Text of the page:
Amazon buys up Australian trademarks, but what’s its strongest weapon in the supermarket wars?

Amazon

Amazon news has dominated the retail space in 2016 and analysts and retail experts are predicting the online retail giant is getting closer to launching into Australia thanks to a fresh round of trademark applications made by Amazon over the past few months.

Fairfax Media reports today that Amazon has now lodged over 250 trademark applications in Australia, including for the Amazon Echo smart speaker and Amazon Dash, the product ordering service where customers can buy products with the click of a button.

These applications have sparked fresh speculation that local retailers will soon be grappling with the realities of the Amazon and its direct to customer model. In recent months Woolworths executives have discussed establishing formal taskforces to deal with the incoming threat, while others, like Metcash, have alluded to being open to a partnership with the US retailer.

Meanwhile, digital centric retailers like Kogan.com have expressed excitement at the idea of Amazon landing on our shores, believing it will put a fire under Australia’s online retail space. But recent research from Roy Morgan on the country’s grocery habits suggests that on the fresh food side of things, local customers still prefer shopping in store to ordering  their food online.

In the year to June 2016, a survey of more than 12,000 shoppers found that less than 3% had shopped for groceries online in the previous four weeks. In June 2015, only a quarter of respondents believed they would look at food shopping online in the next 12 months.

Roy Morgan says the sector is one to watch, with the likes of Aussie Farmers Direct launching an online offering earlier this year. There’s also no shortage of meal delivery services popping up in Australia, and some of these businesses believe they have what it takes to build local partnerships to keep shoppers happy in years to come.

Despite the lack of take-up of digital supermarket orders so far, the spectre of Amazon Fresh’s arrival in Australia remains. In June, reports emerged that the delivery service was preparing to launch, but the company has not made an official commitment.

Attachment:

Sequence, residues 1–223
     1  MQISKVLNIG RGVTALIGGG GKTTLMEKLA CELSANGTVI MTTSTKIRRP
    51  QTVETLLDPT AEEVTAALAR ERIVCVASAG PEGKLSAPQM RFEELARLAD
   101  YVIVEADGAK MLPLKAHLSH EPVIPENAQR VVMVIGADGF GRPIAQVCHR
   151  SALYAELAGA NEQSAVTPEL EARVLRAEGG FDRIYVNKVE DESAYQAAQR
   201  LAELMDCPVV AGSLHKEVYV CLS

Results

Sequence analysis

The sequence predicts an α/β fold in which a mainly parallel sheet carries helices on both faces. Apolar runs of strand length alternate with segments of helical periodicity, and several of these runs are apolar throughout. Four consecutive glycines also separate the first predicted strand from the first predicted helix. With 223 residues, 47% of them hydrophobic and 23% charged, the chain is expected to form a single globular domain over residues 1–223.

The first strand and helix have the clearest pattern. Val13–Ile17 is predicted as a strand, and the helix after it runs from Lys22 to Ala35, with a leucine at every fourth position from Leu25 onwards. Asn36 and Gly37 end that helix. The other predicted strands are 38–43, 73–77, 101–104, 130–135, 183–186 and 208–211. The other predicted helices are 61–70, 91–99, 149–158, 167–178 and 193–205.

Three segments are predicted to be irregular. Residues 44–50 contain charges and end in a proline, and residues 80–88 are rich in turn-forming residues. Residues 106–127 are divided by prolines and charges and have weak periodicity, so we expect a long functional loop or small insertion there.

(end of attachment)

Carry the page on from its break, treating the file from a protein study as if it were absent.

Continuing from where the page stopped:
While there’s no official news on a launch, customers are now able to imagine what a technology-centric fresh food retailer would look like, with the Amazon Go concept unveiled this week. The artificial intelligence supermarket model uses computer learning and vision sensors so that shoppers can enter a store with their Amazon app, pick up when they need and leave without needing to interact with a point of sales machine or any staff members. A pilot store has been launched in Amazon’s home city of Seattle.

Read more: Why Ruslan Kogan believes Amazon in Australia will “lift all boats”

Is data the difference?

The Retail Doctor Group’s Brian Walker told SmartCompany there is no question Australia’s online retail environment is still in its infant stage, compared to other markets, but reports around Amazon’s imminent arrival tend to focus on its delivery system while often ignoring one key part of the company’s model – its use of data.

While the business is known for its streamlined delivery processes, the ability of the brand to know what the shopper wants is where Amazon might really beat the local supermarkets, Walker says.

“The interesting thing is that one of the biggest influences this business has had is in the predicting of consumer behaviour,” says Walker.

“Imagine you’re at home on your Amazon Prime account – meanwhile, all this data is being collected,” he says.

While the big supermarkets have been able to generate customer profiles largely off the back of loyalty programs and sales numbers, they are still at the start of that journey.

“I think they are still in the very, very early stages of that,” Walker says.

Retail Oasis strategist Pippa Kulmar told SmartCompany last month that in the face of these predictive skills, local retailers need to cement their value as efficient alternatives now.

“Amazon’s mantra is all about being the most consumer centric company,” she said.

“So you have to actually bed that down as part of the culture. Who is your consumer, how are they influenced – think that through all the time, but do it now.”

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